Potato Upside-down Tart With Little Sussex Cheese

By Lyn Funnell

This is an unusual tart but well worth the effort! Just build up the layers.


About 10 cherry tomatoes, cut in half.

Do use these as larger tomatoes sliced make too much liquid.

Approx 2 tablesps olive oil to cover the pan.


Approx 4 large potatoes, or a dozen small potatoes, boiled until soft but not breaking up

1 large red onion, finely chopped

3 tablesps sugar

2 teasps butter or marge

Approx 5 ozs cheese.

I used 2 Little Sussex cheeses, sliced

1 roll of prepared shortcrust or puff pastry.

The multi award winning Little Sussex is a delicious soft sheep milk cheese with an edible white rind.

It has a mild, delicate flavour when young which becomes stronger and more flavoursome with age as the cheese matures in its packaging.

At 80 grams Little Sussex is very unassuming, but is full of flavour, texture and character.


We mature Little Sussex for six days after spraying them with a special mould called Penicillium Candidum, which then forms the edible rind!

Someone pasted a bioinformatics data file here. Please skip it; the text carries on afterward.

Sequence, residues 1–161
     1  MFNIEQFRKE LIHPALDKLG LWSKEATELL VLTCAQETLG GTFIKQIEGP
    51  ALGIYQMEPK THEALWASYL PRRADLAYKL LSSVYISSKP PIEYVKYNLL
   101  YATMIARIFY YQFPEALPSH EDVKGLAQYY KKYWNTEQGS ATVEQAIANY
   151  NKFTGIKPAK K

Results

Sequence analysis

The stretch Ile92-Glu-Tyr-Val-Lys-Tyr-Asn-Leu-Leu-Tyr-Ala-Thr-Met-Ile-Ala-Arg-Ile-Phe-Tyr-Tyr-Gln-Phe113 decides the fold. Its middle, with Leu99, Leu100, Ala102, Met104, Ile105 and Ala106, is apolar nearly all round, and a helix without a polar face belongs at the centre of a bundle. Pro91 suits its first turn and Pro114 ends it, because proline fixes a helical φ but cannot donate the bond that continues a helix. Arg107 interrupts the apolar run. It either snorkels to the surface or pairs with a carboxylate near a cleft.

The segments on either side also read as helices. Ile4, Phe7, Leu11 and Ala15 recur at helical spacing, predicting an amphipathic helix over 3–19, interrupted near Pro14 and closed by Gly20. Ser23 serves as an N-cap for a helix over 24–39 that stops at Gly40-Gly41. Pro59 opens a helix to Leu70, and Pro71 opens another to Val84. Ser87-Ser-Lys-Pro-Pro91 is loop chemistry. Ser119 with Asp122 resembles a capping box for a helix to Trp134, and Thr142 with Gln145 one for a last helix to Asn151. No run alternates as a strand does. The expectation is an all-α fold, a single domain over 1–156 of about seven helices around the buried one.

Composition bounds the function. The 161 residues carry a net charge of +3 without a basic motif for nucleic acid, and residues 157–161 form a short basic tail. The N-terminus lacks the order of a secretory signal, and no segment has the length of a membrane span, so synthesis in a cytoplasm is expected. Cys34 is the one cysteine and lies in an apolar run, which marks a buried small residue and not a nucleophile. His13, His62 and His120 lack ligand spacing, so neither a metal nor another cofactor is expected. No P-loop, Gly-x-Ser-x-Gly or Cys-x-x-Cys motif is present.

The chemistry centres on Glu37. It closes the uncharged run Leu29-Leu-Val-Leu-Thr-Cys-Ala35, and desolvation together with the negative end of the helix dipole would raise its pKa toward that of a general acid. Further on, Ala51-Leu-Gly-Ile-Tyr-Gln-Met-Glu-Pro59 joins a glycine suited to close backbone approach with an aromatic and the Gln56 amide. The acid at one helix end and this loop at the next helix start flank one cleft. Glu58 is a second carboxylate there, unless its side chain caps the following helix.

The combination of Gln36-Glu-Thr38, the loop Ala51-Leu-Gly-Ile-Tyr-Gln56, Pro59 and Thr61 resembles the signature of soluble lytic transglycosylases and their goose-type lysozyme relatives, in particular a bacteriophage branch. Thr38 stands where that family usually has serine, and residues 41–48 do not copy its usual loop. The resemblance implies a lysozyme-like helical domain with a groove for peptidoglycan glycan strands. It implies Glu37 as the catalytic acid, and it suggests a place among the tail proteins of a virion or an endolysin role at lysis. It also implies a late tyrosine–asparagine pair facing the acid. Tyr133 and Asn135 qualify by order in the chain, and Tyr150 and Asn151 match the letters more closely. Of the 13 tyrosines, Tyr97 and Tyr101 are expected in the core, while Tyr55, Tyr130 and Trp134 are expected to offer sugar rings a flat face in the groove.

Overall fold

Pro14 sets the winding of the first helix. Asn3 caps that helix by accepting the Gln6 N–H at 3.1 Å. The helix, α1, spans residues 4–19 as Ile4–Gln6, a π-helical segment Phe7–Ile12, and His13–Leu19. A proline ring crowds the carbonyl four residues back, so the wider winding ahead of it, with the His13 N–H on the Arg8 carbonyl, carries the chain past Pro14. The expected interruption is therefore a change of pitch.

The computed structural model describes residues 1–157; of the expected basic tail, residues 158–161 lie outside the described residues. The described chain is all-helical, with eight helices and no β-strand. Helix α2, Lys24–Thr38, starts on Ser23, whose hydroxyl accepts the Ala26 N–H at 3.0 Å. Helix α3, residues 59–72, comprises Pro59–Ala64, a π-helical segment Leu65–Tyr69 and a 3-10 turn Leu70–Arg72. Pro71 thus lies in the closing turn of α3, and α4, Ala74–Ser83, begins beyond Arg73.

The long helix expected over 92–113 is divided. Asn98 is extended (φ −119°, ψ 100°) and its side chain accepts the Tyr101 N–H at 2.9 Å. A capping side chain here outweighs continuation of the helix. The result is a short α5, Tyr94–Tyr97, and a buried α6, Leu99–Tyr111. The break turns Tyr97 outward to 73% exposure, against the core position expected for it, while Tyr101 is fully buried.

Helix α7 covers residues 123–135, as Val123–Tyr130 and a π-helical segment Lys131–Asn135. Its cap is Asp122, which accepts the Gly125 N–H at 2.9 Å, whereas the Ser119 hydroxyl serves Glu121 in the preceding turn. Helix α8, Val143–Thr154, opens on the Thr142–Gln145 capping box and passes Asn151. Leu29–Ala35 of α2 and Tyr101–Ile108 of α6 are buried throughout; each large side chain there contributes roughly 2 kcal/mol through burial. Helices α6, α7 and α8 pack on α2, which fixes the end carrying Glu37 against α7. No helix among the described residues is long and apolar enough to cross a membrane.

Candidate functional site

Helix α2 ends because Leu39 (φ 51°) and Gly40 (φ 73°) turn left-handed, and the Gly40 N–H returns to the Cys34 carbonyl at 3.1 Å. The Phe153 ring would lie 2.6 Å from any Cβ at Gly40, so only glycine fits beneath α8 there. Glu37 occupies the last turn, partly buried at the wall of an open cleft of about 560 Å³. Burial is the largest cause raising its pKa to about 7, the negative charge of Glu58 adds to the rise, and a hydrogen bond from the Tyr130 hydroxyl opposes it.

Preheat the oven to 400F, 200C, Gas 6.

Boil the potatoes until just soft. Drain.

Heat the olive oil in a frying-pan.

Saute the onions slowly until soft.

Add the tomatoes , gently turning them over after a minute.

Put the pan aside.

Cook the butter and sugar in a pan, stirring until it just turns a caramel colour.

Tip it into a 9 inch tin or flan dish, spreading it over the bottom.

Slice the potatoes about ½ inch thick, cutting off the ends, and place them fitted together to cover the bottom of the dish.

Fit the tomatoes and onion in the gaps between the potatoes, placing the tomatoes skin side down, gently pressing them down.

Cut the cheese thinly and lay the slices on top of the potato slices.

Lay the pastry over the dish, cutting off the surplus pastry and tucking the edges underneath and pressing them down to neaten them.

Bake the tart for 25 minutes, then turn the heat down to 300F, 250C, Gas 2 and bake for a further 15 minutes until it’s a dark golden colour and obviously cooked.

Remove from the oven and let it stand for 5 minutes to set.

Gently slip a knife round the edge to loosen it.

Invert a large plate on top of the tart, then carefully but quickly turn the tart upside down, then lift off the plate.

The tart should have dropped out and will show off its pattern.

Let it cool slightly before serving.

Serve it with a salad, or take it on a picnic.


  • Lyn Funnell

    Lyn is the co-owner of Unknown Kent and Sussex. She lives in Sussex. Lyn has been writing for most of her life, both Fiction & Non-Fiction. She loves cookery & creating original recipes. She's won a lot of prizes, including Good Housekeeping Millenium Menu & on BBC The One Show as a runner-up, making her Britain's Spag Bol Queen! She has had nine books published so far. History, Travel & Restaurant Reviews are her main interests.

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